The nature of things

Ellmann lambastes the patriarchy with verve and gusto in gutsy new essay collection


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Is “essays” the term to describe Lucy Ellmann’s collection of sharp observations and entertaining tirades, Things Are Against Us? Polemic? Blistering commentary? Political satire?

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Hey there, time traveller!
This article was published 25/09/2021 (322 days ago), so information in it may no longer be current.

Is “essays” the term to describe Lucy Ellmann’s collection of sharp observations and entertaining tirades, Things Are Against Us? Polemic? Blistering commentary? Political satire?

None of these, really. Home truths is closer. The uncomfortable, embarrassing, mortifying truth about ourselves and our performance on this burning planet. But of course saying “our” is just being polite — I mean “men’s.”

The American-born, Edinbugh-based Ellmann is more direct. She lambastes the patriarchy with verve and gusto. The militarist, the capitalist, the deranged scientist, the gun lobbyist all lie strewn across the pages, having received a swift blow to the back of the knees or a cream pie to the face. A reader can luxuriate in her plain speaking. Plain speaking but no explaining for the refreshing Ellmann; she is the mistress of the blunt truth.

I read her 2019 epic, tour de force novel Ducks, Newburyport, in a way I’d never read before, furiously turning pages, ravenous to catch up and mentally exclaiming the whole time: “Sa-aame!! I kno-ow!,” sounding for all the world like a cross between a deranged teen and Mrs. Fawlty on the phone.

It was all recognition, identification, relatability. Here was a writer — at last — mirroring my own experience of the world, of reality now as it comes at us in bits and bytes in the first quarter of the 21st century. All of it. (And who had ever done that before?) She was the postie delivering my every thought, my every response to the world, by snowblower all over my front yard.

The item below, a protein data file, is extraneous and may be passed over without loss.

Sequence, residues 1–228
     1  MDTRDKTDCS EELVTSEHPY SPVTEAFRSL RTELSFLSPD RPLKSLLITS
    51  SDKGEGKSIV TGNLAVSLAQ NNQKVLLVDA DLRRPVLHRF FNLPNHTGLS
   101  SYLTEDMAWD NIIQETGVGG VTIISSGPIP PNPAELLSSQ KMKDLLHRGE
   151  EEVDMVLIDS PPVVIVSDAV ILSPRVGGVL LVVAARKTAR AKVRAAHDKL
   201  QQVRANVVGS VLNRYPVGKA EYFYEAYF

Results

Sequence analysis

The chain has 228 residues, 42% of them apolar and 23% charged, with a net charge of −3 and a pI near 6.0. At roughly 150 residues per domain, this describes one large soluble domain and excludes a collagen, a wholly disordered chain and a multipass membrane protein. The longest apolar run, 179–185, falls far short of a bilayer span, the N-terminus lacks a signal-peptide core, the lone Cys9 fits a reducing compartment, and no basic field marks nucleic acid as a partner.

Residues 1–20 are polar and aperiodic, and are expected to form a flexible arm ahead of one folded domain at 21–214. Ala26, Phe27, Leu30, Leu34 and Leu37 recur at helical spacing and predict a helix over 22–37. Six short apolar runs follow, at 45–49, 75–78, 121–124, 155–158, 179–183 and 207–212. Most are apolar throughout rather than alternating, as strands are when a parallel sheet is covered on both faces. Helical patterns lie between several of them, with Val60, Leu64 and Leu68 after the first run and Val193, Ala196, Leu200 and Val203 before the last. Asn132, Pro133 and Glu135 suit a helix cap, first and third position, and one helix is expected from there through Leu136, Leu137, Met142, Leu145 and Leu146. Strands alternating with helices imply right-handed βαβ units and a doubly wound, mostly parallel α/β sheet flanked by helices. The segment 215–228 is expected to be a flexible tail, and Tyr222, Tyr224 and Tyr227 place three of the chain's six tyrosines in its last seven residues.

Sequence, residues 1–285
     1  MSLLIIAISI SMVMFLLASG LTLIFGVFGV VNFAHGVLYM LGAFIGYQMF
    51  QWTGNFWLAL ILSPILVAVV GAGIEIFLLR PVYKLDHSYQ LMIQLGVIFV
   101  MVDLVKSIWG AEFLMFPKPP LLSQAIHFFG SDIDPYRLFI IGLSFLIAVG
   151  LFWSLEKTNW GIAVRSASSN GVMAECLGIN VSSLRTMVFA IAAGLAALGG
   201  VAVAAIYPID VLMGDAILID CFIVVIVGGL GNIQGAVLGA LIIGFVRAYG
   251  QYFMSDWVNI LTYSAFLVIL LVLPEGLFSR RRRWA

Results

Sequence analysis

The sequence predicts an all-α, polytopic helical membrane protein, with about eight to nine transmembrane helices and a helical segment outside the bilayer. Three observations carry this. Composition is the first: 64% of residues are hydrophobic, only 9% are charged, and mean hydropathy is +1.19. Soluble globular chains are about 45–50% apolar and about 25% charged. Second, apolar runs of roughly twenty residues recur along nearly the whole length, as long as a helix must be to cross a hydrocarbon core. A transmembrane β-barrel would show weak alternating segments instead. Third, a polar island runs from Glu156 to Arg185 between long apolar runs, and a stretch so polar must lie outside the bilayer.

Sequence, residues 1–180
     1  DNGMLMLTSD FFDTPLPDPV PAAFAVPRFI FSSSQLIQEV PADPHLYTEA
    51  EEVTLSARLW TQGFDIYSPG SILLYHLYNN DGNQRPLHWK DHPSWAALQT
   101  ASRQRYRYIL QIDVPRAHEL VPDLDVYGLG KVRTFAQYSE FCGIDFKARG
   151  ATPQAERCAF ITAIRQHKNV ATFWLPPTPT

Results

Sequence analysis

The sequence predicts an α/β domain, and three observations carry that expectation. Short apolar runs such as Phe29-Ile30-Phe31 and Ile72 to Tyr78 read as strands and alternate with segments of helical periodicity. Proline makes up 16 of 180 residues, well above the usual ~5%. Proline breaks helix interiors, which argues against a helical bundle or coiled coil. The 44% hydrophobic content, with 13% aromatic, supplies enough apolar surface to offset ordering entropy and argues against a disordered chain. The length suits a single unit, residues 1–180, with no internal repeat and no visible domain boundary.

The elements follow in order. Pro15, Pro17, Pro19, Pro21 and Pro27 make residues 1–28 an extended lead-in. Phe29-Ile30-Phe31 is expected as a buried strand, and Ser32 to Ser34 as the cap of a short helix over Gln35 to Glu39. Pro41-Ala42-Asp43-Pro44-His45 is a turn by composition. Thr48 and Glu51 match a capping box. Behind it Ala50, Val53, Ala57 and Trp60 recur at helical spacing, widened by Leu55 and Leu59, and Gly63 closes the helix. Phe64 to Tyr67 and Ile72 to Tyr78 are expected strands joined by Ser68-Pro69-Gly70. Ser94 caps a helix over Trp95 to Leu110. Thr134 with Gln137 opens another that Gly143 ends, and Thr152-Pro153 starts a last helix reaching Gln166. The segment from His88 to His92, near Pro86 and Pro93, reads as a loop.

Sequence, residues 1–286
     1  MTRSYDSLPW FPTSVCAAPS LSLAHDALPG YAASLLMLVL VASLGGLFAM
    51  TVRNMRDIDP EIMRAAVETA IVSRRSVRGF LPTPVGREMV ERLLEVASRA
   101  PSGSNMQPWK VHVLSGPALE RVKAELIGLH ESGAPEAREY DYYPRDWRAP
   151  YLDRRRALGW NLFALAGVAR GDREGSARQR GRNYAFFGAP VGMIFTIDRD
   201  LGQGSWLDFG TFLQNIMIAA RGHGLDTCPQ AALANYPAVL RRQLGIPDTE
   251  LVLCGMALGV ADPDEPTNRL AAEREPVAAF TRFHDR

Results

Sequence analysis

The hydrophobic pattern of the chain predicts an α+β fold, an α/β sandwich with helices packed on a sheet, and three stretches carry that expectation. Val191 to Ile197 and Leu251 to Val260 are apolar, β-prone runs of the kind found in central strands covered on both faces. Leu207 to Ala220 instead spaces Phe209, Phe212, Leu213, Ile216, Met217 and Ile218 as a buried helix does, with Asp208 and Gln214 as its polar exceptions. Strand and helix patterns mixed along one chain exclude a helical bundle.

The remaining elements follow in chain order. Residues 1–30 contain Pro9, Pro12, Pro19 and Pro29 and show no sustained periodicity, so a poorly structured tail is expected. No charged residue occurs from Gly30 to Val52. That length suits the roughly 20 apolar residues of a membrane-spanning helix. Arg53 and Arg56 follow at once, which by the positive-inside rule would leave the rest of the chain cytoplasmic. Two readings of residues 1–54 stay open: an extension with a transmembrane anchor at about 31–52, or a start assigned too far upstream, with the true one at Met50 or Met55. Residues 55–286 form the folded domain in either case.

Amy Jordison photo
Lucy Ellmann

In Things Are Against Us, Ellmann freely uses the same shtick, compiling her complaints, perceptions, fears, forebodings and outrage into lists that carry her reader on a white-water ride. “They seem almost innocent to me, my scruples and my scorn,” she confides wistfully before the book has even truly begun, “now that the whole human experiment is drawing to a close,” then continues with cheerful fortitude, “Still, let’s complain.”

Those three words announce the tone of the collection — non-academic, direct. They set her stance as their author — woman-to-woman. She is our cut-the-crap commentator with an important job to do, and we are not going to go down in this male-engendered mess without a fight. “Table of Discontents,” declares the next page.

The 14 pieces that comprise Ellmann’s discontents, vividly illustrated by Diana Hope, muster all of her comic powers in the service of her home truths. How much further along might we be now in the work of dismantling the patriarchy, if only feminists had refused to adopt (as they did) the pernicious academic practice of inventing their own incomprehensible language? What if they had instead sustained a healthy practice of plain speaking?

Their books continue to be stuffed with the jargon du jour. But do any of them make the case for stripping men of power as forcefully as: “Who invented the goddamm atomic bomb?” (Not to mention “genocide, totalitarianism, whaling, rugby and snuff movies”?)

Ellmann never pulls her punches and the best ones (“MEN HAVE RUINED LIFE ON EARTH”) turn out to be irrefutable.

Diana Hope illustration / supplied

Things may be couched in everyday language, but it is far from naïve. Ellmann has an entire kitchen drawer of sharp implements to carve up her subjects — though it’s likely she’d object to the violence of the metaphor. The device of the list, in Ellmann’s hands, achieves reliable results: “Men delight in unauthorized violence, but glory in legalized murder too… Give them a big grim death-promoting system they can glom onto, a male heirarchy that provides them with goals, loyalty, doom, destruction, epaulettes, good opportunities for rape, a general miasma of testosterone, a guaranteed pass on domesticity, and a stage for showy acts of heroism, and they’re happy as clams.”

Those “epaulettes” are there for good reason. Ellmann’s writing is always tighter than it pretends. The epaulettes perform a double function; they make you laugh and then they make you think, seriously.

Likewise, the word “Monopoly” is a comic ending to a list of male pastimes (“witch hunts, war, rape, drug cartels…”) until you remember that Monopoly is exactly what is being played in real life in our towns and communities.

Ellmann is entertaining, funny, loopy and brave, but, importantly, she’s empowering. You remember that you’re not alone. You wake up again to echoes everywhere — Harry Patch (look him up) calling war “legalized mass murder”; the Sept. 11 New York Times piece by Maureen Dowd, entitled Manning Up, Letting Us Down.

It’s good to know Ellmann is keeping her formidable comic weaponry trained on the people who got us into this pig show, “this great big radioactive cowpat of Growth and Progress and Pointlessness they’ve deposited everywhere,” because the patriarchy is still, as we burn, choosing growth, choosing consumption, competition, expansion, extraction, destruction — choosing to f— things up.

Pauline Holdstock is a novelist, short fiction writer and essayist living on Vancouver Island.

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